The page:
Considering that Pastor Manders, as a servant of God, has organized his entire life around the concept of duty, it’s unsurprising that he clings so tightly to such ideas. After all, he believes that it’s his job to serve God, which means protecting the institution of marriage under any and all circumstances. “Yes, you should thank God I possessed the necessary strength of mind,” he tells Mrs. Alving, referring to the fact that he urged her to return to Captain Alving when she initially ran away. Going on, he says that she should be thankful he was able to convince her to ignore what he refers to as her “hysterical intentions,” a phrase that condescendingly frames her desire to be happy as trivial, unreasonable, and inherently feminine. As he speaks to her in this self-righteous way, it becomes clear that he truly believes it was his obligation to steer Mrs. Alving back to her husband. Interestingly enough, this is complicated by the fact that Mrs. Alving has romantic feelings for Manders, and suspects that he has feelings for her in return. Rather than allowing himself to act on these feelings, though, Manders invests himself in the idea that he has a duty to uphold his religious station. In this sense, then, both he and Mrs. Alving sacrifice their happiness in the name of obligation.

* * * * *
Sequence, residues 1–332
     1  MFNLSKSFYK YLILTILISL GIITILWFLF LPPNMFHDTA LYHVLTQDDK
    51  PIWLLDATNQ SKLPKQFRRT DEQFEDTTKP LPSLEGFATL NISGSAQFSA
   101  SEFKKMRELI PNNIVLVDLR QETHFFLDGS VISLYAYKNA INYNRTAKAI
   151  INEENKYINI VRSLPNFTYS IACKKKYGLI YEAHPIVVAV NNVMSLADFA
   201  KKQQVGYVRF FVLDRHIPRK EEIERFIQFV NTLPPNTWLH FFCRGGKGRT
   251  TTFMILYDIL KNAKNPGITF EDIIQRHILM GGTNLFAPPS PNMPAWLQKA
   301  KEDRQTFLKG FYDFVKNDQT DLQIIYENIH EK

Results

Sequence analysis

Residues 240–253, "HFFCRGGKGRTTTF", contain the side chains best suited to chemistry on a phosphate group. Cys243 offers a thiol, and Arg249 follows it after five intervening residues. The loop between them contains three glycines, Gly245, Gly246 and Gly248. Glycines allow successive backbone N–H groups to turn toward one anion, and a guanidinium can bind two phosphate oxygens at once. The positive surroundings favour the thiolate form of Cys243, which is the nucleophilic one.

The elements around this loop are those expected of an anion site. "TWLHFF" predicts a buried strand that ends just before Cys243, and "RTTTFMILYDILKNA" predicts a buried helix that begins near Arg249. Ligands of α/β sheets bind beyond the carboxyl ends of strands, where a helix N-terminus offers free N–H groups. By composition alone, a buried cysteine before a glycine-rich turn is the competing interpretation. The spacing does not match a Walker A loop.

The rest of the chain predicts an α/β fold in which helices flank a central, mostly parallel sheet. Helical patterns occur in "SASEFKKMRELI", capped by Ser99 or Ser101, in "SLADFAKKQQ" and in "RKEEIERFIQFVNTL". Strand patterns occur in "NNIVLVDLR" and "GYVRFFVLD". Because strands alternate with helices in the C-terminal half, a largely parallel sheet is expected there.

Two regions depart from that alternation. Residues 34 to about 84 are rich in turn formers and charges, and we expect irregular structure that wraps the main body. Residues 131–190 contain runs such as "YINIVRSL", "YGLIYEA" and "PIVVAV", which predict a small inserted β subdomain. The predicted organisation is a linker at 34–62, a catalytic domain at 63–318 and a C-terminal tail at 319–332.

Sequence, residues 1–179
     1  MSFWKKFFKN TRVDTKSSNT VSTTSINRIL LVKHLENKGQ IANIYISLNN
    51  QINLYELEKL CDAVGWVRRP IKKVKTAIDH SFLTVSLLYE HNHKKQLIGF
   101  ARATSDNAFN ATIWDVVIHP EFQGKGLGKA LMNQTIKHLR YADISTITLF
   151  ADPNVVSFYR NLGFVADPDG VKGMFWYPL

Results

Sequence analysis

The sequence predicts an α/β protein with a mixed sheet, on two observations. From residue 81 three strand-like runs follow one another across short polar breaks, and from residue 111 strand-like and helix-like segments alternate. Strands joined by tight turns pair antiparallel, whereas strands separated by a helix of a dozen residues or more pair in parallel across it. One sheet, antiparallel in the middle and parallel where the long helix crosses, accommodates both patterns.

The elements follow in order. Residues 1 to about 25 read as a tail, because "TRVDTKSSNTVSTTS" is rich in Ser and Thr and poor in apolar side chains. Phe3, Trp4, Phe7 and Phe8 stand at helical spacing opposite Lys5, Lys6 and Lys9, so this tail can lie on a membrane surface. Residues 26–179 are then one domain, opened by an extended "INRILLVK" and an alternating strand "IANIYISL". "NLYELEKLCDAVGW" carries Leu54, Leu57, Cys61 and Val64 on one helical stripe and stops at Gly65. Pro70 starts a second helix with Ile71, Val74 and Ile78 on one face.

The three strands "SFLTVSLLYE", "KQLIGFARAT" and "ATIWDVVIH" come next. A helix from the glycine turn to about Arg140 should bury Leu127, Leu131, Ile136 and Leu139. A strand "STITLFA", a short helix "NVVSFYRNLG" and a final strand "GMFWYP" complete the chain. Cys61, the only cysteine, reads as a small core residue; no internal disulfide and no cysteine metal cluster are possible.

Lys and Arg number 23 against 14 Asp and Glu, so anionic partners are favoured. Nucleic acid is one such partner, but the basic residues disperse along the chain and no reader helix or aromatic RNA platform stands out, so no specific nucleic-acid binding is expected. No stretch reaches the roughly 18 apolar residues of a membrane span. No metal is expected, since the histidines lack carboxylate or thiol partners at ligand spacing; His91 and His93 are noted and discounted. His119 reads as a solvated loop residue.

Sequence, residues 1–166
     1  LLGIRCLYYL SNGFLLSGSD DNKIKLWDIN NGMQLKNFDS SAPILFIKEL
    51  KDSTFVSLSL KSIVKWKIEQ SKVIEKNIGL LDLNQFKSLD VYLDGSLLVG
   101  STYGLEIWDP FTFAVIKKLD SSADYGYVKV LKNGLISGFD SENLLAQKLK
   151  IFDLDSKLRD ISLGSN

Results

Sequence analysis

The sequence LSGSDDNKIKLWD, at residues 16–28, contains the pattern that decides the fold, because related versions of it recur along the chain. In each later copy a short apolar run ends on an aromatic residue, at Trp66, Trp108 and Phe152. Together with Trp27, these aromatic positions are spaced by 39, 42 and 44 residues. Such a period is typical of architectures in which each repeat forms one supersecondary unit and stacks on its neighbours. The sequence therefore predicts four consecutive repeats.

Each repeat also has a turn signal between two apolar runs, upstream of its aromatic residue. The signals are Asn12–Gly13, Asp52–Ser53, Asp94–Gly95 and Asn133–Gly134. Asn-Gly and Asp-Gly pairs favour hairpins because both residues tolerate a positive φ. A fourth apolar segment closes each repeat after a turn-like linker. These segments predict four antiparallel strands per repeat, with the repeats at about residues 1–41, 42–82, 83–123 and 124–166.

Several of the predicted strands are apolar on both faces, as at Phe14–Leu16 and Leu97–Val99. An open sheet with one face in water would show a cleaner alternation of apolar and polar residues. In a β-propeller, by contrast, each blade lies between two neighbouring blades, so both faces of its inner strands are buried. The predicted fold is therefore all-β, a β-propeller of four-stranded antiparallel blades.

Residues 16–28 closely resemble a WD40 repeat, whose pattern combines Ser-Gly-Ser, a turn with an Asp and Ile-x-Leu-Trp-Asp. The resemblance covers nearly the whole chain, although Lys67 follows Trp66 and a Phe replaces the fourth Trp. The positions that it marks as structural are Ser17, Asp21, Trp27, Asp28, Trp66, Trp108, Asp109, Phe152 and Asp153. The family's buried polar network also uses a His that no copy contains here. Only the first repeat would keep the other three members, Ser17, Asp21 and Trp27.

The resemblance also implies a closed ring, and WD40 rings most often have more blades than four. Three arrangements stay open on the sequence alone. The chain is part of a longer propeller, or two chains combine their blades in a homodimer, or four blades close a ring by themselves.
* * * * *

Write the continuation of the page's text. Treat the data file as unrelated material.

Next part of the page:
Mrs. Alving’s sense of owing something to the people in her life continues when Oswald tells her that she needs to euthanize him if he succumbs to syphilis. She finds this impossible to bear, saying that she could never bring herself to kill her own son, to whom she gave life in the first place. “If you love me, Mother…how can you let me suffer all this unspeakable terror!” Oswald says, intimating that Mrs. Alving will be the one responsible for his suffering if she refuses to euthanize him. In this difficult scene, Ibsen urges readers to consider what, exactly, family members owe to one another. Although it’s true that Oswald will be happier if his mother kills him, it’s also the case that Mrs. Alving will be haunted by this decision for the rest of her life. As a mother, she feels she has a duty to help her son avoid suffering, but she also recognizes that she deserves to make her own decisions—this, after all, is what she learned after being miserable for years in her marriage to Captain Alving. In keeping with just how difficult this decision is, Mrs. Alving finds herself unable to do anything when Oswald’s syphilis overtakes him at the very end of the play. As he lies there in a nearly catatonic state, she stares at him in “speechless horror,” an embodiment of tortured indecision. That the curtain closes before she decides what to do helps Ibsen emphasize the extent to which it’s unfair to place overly burdensome expectations on loved ones, especially since an undue sense of duty can lead a person to sense of paralyzing helplessness as they experience deep emotional turmoil.